We all have a tendency to live in our own little worlds in which we think everyone around us is in tune with the same things we are. Whether it be in the fields of politics, religion or sports fandom we are often surprised or even shocked when we learn that those we work with, are friends with, or see frequently at the business we patronize do not have the same depth of knowledge or concern about the subjects we consider important.
That was made abundantly clear to me on Friday.
By trade, I am a social studies teacher at Seymour High School which is located in the tourist destination of Sevier County, Tennessee. Just for the sake of reference, we are in the same county as the towns of Sevierville, Pigeon Forge and Gatlinburg and are located not far from Knoxville.
Everyday, I start each of my classes with a ‘Bell Ringer’ in which we discuss a Date in History, a Current Event, and a Question of the Day. As you might guess, I try to choose topics that fit with whatever my U.S. Government or Psychology classes might be studying at the time. But on occasion I will throw in a topic that may seem quite random.
My current event on Friday was that the Daytona 500 was set for this Sunday. This is where I came to realize that my world and the worlds of my teenage students are not even in the same universe.
In our discussion, I asked my first period U.S. Government class if any of the 30 students could name any NASCAR driver. The response was blank stares. When I pointed out that the NASCAR Speedpark attraction in Sevierville had been in our cafeteria just two days earlier recruiting employees with a cardboard cutout of a well known driver, that didn’t help.
The driver on the cardboard was, by the way, Kyle Busch. Still, mostly blank stares. One student did report that his dad had been at the 2001 Daytona 500 when Dale Earnhardt lost his life. That student said that his favorite driver is Kevin Harvick.
Things got worse in my third period Psychology class where none of the 15 kids could name a single driver. Even when I mentioned Kyle Larson and Chase Elliott there was no recognition. However, my fourth period was able to name more drivers. While some students in that class did not know of any drivers, there were others who actually knew several names going as deeply into the driver list as Erik Jones and Chris Buescher.
Even with that improvement, it is alarming for the sport that so many young people are unable to name its biggest stars. But to be fair, this lack of sports figure knowledge is not limited to NASCAR. I often use Lebron James and Tom Brady as examples of the effects of aging on the body in my Psychology classes assuming everyone knows who they are. However, those famous athletes are not as universally known among the young as one might think.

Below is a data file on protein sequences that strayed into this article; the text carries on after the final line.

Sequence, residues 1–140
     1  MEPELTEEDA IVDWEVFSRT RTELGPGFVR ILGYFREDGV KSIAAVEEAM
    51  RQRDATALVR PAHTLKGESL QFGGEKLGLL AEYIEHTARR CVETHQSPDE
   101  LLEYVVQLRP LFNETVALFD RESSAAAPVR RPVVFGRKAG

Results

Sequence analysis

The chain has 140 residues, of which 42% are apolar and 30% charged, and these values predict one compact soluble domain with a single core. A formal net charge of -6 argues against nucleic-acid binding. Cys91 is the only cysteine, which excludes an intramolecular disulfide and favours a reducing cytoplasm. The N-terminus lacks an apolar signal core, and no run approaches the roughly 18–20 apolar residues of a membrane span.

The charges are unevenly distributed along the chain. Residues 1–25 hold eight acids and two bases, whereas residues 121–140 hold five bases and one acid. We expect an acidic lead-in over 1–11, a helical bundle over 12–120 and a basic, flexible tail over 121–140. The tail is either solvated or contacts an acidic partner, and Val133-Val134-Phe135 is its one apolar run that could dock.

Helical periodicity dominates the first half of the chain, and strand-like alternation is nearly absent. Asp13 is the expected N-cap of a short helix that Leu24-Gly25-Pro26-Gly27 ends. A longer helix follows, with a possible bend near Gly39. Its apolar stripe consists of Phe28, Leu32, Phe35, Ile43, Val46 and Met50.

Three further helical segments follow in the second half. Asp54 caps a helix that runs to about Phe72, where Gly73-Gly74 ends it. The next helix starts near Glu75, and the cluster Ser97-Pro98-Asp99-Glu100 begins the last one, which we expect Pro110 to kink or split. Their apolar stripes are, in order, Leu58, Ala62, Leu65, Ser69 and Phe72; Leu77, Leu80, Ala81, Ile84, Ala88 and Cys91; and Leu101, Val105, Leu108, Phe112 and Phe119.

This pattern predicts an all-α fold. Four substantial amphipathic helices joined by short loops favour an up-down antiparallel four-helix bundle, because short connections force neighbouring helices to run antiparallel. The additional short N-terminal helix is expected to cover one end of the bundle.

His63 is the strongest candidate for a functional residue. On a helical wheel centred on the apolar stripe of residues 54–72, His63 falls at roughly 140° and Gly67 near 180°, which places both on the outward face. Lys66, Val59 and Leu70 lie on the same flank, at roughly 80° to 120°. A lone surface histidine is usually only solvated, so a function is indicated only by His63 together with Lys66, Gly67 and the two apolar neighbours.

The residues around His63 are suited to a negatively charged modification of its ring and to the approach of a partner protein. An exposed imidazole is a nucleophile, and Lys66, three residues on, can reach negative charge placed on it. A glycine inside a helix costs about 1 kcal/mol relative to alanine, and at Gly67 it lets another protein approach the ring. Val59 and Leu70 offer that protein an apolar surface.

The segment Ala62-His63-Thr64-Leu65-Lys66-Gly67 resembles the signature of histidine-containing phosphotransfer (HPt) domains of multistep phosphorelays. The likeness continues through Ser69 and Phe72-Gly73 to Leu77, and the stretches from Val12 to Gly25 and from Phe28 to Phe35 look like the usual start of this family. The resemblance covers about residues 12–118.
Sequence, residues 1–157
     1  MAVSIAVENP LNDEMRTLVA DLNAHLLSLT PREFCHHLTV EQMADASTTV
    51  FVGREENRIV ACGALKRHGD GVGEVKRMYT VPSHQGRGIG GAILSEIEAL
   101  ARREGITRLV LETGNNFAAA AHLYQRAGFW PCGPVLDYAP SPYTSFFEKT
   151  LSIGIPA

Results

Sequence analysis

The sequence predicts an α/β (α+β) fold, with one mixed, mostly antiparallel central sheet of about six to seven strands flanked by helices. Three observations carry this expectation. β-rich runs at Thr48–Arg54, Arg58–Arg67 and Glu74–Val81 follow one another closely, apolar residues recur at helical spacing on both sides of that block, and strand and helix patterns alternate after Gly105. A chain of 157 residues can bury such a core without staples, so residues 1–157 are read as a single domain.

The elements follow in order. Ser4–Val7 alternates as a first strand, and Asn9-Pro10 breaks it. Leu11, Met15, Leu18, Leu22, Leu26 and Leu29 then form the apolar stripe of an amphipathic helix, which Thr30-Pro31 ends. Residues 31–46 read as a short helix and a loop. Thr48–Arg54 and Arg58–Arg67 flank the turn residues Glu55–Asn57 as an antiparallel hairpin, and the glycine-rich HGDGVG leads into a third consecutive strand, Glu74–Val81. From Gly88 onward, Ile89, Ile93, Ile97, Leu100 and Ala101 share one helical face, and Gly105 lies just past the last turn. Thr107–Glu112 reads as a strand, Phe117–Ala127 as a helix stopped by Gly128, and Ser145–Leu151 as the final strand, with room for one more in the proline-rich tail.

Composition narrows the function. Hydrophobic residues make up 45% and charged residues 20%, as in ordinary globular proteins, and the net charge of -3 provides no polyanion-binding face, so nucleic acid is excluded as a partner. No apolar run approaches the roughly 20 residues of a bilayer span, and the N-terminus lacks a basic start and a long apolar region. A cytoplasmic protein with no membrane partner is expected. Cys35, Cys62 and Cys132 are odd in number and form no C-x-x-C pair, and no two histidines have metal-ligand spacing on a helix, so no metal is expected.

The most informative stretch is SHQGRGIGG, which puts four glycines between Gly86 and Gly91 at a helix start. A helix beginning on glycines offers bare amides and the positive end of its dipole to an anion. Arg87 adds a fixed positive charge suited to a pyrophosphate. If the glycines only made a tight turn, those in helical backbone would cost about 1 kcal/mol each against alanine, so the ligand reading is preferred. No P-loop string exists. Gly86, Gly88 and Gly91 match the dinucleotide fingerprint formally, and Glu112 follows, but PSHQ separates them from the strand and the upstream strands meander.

As a father of three teenagers, I can say with some degree of first hand knowledge that this generation is not one of sports fans who will sit still and watch an entire contest whether it be a race or a stick-and-ball game. There are simply too many options offering instant gratification to occupy their time. Video games, Marvel-themed movies, Star Wars-themed shows, and just hanging out or texting with friends rank ahead of sports for many of today’s under 20 crowd.
Granted, 80 or so kids at one single high school is not an ample sample for a scientific survey. But considering that the Knoxville market is typically one of those to draw the highest ratings for NASCAR broadcasts on a weekly basis, it is a bit concerning. NASCAR and all sports leagues will have to come up with ways to engage the next generation of potential fans or else there will be no fans to engage.
As was stated above, we are often tempted to believe that everyone around us is living within our little world and we’re often surprised when we realize that is actually not the case at all. But I was more than a little surprised to realize just how small the racing world actually is.
Richard Allen has been covering NASCAR and other forms of motorsports since 2008.
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